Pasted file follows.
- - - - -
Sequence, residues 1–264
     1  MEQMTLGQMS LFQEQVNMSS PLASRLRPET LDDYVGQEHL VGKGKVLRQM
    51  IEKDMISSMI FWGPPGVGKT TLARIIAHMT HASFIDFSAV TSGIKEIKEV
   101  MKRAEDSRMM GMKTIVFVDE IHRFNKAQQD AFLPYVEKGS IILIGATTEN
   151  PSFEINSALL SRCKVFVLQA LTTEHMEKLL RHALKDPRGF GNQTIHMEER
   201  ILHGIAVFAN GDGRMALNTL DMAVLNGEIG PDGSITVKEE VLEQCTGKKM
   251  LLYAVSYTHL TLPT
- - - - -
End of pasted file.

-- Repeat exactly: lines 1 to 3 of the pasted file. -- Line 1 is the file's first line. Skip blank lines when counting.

Sequence, residues 1–264
     1  MEQMTLGQMS LFQEQVNMSS PLASRLRPET LDDYVGQEHL VGKGKVLRQM
    51  IEKDMISSMI FWGPPGVGKT TLARIIAHMT HASFIDFSAV TSGIKEIKEV